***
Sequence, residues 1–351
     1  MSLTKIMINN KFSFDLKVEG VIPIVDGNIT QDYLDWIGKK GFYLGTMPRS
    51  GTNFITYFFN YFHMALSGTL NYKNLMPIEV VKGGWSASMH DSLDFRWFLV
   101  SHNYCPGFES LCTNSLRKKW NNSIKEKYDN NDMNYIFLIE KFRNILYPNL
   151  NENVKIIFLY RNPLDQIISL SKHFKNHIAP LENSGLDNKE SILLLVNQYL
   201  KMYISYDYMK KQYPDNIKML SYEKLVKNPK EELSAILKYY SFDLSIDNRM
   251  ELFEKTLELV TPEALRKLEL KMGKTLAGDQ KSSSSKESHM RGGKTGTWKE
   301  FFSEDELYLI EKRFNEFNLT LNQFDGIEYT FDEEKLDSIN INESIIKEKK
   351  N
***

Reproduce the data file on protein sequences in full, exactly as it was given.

Sequence, residues 1–351
     1  MSLTKIMINN KFSFDLKVEG VIPIVDGNIT QDYLDWIGKK GFYLGTMPRS
    51  GTNFITYFFN YFHMALSGTL NYKNLMPIEV VKGGWSASMH DSLDFRWFLV
   101  SHNYCPGFES LCTNSLRKKW NNSIKEKYDN NDMNYIFLIE KFRNILYPNL
   151  NENVKIIFLY RNPLDQIISL SKHFKNHIAP LENSGLDNKE SILLLVNQYL
   201  KMYISYDYMK KQYPDNIKML SYEKLVKNPK EELSAILKYY SFDLSIDNRM
   251  ELFEKTLELV TPEALRKLEL KMGKTLAGDQ KSSSSKESHM RGGKTGTWKE
   301  FFSEDELYLI EKRFNEFNLT LNQFDGIEYT FDEEKLDSIN INESIIKEKK
   351  N